How to Overcome Buying Objections and Increase Sales

“I’m not sure your product (or service) is right for me …” It’s the dreaded objection that most entrepreneurs don’t want to hear. But, objections can quickly turn...

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“I’m not sure your product (or service) is right for me …”

It’s the dreaded objection that most young entrepreneurs don’t want to hear. But, objections can quickly turn from a negative to a positive and become “a good thing” when you’re growing your small business.

The reason is simple.

Objections are a sign that you’re close to making the sale. And if someone is completely uninterested in what you have to offer, they wouldn’t even be on your website, or much less talking to you. They wouldn’t waste their time.

Subsequently, if a prospective customer is actually having the conversation ‘internally’ about the merits of your product or service, then this indicates that there’s some level of interest. It’s now your role, to reassure your new-found customer that everything will live up to the claims you’ve made.

 

The Nature of Objections

Essentially, objections are self-limiting beliefs we all have. It’s a way for all of us to acknowledge self-doubt or limiting beliefs that could potentially stop us from moving forward to achieve and obtain what we truly want – the result.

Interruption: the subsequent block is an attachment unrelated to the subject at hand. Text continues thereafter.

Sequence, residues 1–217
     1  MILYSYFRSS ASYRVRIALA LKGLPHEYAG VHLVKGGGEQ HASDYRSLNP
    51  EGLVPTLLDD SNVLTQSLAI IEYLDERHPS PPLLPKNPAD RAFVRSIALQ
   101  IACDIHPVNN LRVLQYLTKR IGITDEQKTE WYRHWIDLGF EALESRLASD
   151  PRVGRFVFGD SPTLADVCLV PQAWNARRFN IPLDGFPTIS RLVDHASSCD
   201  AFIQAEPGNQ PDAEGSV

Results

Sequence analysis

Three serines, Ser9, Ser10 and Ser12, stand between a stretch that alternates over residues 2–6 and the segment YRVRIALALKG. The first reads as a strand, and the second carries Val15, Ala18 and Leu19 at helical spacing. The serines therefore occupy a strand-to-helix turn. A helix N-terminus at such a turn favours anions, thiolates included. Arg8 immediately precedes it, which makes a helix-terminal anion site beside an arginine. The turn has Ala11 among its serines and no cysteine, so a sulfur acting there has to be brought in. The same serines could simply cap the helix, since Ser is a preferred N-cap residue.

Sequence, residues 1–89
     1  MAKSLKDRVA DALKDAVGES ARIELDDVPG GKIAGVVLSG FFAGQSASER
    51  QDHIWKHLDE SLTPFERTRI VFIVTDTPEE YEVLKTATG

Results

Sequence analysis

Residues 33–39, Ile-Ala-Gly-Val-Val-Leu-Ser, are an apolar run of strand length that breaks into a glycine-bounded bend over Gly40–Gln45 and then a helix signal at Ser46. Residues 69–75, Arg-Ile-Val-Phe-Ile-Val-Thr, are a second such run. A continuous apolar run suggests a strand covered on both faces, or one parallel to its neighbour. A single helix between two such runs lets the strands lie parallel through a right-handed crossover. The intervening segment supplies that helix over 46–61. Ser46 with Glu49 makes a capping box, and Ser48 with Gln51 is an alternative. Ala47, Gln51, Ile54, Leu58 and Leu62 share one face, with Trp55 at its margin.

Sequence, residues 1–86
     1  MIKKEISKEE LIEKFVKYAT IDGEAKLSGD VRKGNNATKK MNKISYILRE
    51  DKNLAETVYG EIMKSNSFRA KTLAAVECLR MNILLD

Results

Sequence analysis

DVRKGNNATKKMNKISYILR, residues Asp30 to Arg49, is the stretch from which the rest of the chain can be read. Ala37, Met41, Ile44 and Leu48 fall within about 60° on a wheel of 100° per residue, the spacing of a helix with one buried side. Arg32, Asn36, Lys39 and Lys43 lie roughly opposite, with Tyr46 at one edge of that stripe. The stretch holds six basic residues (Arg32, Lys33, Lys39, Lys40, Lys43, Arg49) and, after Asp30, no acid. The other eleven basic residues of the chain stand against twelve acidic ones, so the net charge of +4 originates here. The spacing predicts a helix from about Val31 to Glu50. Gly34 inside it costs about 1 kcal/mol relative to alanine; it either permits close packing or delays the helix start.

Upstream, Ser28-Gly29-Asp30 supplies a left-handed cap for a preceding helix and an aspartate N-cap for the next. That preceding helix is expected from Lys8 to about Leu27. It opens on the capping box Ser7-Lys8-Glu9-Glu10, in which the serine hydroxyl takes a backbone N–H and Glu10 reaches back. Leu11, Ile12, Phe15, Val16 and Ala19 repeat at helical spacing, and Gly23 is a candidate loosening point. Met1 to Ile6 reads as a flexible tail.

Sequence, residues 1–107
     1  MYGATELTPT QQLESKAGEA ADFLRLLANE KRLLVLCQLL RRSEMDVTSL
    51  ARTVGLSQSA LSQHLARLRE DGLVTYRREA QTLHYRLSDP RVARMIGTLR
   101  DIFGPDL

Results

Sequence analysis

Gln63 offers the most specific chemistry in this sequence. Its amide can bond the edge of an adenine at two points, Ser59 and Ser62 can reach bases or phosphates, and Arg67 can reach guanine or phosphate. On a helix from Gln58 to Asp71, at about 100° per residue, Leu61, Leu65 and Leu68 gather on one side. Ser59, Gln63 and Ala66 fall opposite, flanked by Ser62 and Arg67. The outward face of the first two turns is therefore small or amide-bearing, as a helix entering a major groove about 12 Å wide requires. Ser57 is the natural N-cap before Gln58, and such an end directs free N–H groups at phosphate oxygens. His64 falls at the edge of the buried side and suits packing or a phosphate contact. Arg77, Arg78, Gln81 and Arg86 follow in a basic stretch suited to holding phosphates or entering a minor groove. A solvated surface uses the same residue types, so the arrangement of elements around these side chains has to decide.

As an entrepreneur, it’s your task (one of many) to help customers get out of their own way so they can experience successful results. You can accomplish this by first, anticipating and then overcoming their objections.

 

The Most Common Buyer Objections

You’ll find that there are many more objections than those I’ve listed below, but the most common objections that you’ll run across include:

1. It’s too expensive.

2. It won’t work for me.

3. It looks too complicated.

4. I’m afraid of fixing this problem or working on this objective.

5. I don’t know that I’ll have time for this.

 

Simple Ways to Address Customer Objections

Knowing your customers’ objections ahead of time will allow you to properly address their concerns and swiftly share solutions. It’s also a good idea to address the common concerns in all customer-facing communications including your sales materials.

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